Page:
After over a year of campaigning against her and another month holding out support with the result determined, Bernie Sanders is set to formally endorse Hillary Clinton at a rally in New Hampshire today.
All it took was the Democratic Party to endorse cannabis legalization — among a few other things.
The Vermont senator and darling of the progressive left’s quest to earn the Democratic Party’s nomination for president ended last month — mathematically, at least — after Clinton won the California primary.
Since then, other mainstream Democrats have called on and called out Sanders for declining to endorse Clinton… until this past weekend’s meeting of Democratic leaders in Orlando, Florida, to hash out the party’s platform.
The party platform is a mostly ceremonial, non-binding statement of goals. But thanks to Sanders and his crew of progressive supporters, key Sanders policy positions like a $15-an-hour minimum wage, a carbon tax, and — yes — marijuana legalization were all added to the platform over the weekend, as the Guardian reported.
That was about “80 percent” of what Sanders and his campaign wanted, policy director Warren Gunnels told NBC News.
Sanders himself went a little further, calling the statement of positions “the most progressive platform in the history of the Democratic Party,” the Guardian reported.
The platform shift ends what should be — for the Democrats’ sake — a final hard-earned piece between supporters of the two candidates, who often engaged in bitter infighting (and even some bizarrely selfish threats from Bernie Bros. to vote for Trump and #NeverHillary.)
Clinton and Sanders’ positions on cannabis is a fair microcosm of their differences. Sanders has repeatedly called for the U.S. to end cannabis prohibition, either by the DEA rescheduling the drug or by states leading the way by passing legalization measures. Clinton, on the other hand, has been more cautious, calling for more research and for cannabis to be rescheduled rather than legalized.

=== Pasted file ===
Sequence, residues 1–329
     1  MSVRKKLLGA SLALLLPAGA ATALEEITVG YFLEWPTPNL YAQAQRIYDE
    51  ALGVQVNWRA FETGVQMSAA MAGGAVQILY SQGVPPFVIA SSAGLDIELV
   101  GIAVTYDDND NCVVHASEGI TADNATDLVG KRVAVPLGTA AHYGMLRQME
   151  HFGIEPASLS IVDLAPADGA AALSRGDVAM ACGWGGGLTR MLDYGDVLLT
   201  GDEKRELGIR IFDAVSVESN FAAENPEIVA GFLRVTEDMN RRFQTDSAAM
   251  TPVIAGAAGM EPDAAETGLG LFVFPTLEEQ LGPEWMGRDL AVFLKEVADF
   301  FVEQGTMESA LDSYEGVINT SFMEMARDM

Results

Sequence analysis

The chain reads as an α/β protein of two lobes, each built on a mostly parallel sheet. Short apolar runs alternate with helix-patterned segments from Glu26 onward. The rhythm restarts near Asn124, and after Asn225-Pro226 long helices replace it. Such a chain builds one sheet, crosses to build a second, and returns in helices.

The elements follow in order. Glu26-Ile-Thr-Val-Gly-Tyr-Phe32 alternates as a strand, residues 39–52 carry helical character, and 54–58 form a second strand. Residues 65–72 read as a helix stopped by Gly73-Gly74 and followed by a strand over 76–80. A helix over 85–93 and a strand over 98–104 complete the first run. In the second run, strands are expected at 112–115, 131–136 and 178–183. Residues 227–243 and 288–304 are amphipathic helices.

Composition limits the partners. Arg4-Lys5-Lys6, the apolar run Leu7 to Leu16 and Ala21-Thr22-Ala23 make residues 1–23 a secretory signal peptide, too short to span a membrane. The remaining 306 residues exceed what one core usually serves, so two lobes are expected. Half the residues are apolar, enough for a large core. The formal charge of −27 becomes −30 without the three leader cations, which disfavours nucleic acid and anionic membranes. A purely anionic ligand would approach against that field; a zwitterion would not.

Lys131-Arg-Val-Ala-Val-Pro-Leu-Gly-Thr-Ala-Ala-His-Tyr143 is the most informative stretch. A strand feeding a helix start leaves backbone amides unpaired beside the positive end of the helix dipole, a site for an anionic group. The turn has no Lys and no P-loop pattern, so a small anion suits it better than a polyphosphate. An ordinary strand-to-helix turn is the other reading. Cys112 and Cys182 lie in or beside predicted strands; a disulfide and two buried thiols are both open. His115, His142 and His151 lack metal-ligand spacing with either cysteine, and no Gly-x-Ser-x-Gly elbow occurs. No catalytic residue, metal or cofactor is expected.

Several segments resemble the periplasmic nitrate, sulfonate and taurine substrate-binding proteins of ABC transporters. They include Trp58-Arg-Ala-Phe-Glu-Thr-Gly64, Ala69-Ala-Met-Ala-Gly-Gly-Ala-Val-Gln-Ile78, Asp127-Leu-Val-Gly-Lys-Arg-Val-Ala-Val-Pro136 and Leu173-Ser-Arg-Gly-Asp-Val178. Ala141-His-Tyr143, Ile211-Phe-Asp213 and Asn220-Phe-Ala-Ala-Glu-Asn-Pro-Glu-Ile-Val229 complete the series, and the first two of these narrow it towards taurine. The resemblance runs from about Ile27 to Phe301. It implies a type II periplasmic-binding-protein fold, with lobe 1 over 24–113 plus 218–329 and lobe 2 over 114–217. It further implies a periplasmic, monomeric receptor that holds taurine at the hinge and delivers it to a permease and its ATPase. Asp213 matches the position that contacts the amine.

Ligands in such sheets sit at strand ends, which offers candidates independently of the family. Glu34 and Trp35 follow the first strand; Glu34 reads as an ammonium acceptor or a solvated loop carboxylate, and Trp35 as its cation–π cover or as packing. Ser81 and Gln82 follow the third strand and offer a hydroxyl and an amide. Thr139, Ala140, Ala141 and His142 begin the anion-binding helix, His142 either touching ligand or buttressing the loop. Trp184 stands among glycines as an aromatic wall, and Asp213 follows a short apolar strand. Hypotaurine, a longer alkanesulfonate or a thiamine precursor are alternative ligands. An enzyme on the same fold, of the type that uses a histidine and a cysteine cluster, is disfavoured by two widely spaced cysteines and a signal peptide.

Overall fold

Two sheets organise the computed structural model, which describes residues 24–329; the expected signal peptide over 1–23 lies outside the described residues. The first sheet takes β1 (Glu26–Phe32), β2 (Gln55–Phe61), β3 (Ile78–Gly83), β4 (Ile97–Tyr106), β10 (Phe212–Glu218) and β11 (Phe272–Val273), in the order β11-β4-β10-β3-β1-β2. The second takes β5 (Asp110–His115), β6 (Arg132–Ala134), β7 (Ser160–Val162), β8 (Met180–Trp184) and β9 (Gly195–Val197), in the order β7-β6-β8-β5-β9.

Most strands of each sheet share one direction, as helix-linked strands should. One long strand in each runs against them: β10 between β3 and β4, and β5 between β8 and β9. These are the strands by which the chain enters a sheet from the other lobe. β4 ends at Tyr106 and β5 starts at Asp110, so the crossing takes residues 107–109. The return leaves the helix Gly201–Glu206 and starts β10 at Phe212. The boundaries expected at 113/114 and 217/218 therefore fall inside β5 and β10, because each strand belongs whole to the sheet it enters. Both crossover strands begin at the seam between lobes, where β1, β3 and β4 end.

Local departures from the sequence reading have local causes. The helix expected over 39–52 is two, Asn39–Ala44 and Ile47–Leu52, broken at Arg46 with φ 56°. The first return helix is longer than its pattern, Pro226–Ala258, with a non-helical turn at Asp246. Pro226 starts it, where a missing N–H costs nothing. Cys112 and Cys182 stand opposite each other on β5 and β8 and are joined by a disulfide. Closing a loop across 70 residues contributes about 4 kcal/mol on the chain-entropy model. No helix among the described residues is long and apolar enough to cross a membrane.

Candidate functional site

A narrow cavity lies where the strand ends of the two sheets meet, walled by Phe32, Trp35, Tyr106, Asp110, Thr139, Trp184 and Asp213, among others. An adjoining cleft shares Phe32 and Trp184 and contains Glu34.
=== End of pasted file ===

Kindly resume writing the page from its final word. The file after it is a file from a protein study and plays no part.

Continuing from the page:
Sanders is far from a stoner: though his adopted home state has allowed medical marijuana for several years and could vote to legalize this fall, Sanders himself says he’s “done” marijuana just twice, “when I was very young,” he said earlier this year.
“And what it did for me, is it made me cough a lot,” he said, according to The Cannabist. “[T]hat was my response, but I gather other people have had different experiences.”
He also appeared to tacitly endorse Prop. 64, the Adult Use of Marijuana Act, which will appear on California voters’ ballots this fall.
“I do not live in California,” he said during a May rally in San Jose. “But if I lived in California, I would vote ‘yes’ to legalize marijuana.”
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